poly~ within poly~ for polyphonic granular synth
I’m attempting to build a polyphonic granular synth within Max at the moment, and it is giving me worlds of trouble and making my brain hurt.
I want the end product to be something where I can play my MIDI keyboard polyphonically… and for each note pressed, it would cycle through a series of instances of poly~, layering several ‘grains’ of a segment of one sample on top of each other to make a cloud of sound grains. I would call myself a beginner-intermediate user of Max; I’ve taken one single-quarter class on it and have been using it off and on for about two years, mostly for fairly simple stuff. This is probably my first foray into actually using the poly~ object (beyond making an uber-simple polyphonic synth).
Anyone have any advice or ways they might go about this? Thanks!
Just a week or so ago, someone posted a series fantastic bare bones granular synths. I can’t remember the users name, and I can’t find the thread. I took the liberty of attaching what I still have saved, I hope he comes forward so he can get the credit he deserves! There is also a granular synthesis in the example patches that is really great and has a ton of features. It’s well commented. I used it to teach myself granular synthesis by reverse engineering it.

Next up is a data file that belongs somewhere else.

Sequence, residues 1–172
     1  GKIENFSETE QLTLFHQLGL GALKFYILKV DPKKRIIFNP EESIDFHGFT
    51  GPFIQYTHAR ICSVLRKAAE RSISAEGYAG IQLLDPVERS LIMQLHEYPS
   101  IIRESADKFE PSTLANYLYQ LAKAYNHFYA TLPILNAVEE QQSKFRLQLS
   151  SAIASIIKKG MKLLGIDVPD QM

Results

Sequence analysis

I don’t know about nesting poly~ objects inside one another, and I haven’t yet tried it. I want to for the exact same reason as you though! Polyphonic granular synthesis would be a lot of fun. I know you can nest a pfft~ inside a poly~ and vice versa (there was a thread about it not so long ago) so I see no reason why you can’t put a poly~ in a poly~.
this is the latest incarnation of a LONG series of experiments in granular playback in Max; I’m glad it’s found a home in someone’s folder.
Two things I have learned:
- it’s pretty impossible (and fruitless) to try to improve upon Sakonda’s original algorithm; I’ve merely added some extra touches (pitch/size independence, further blurring/smoothing);
- someone has always done it first and often better.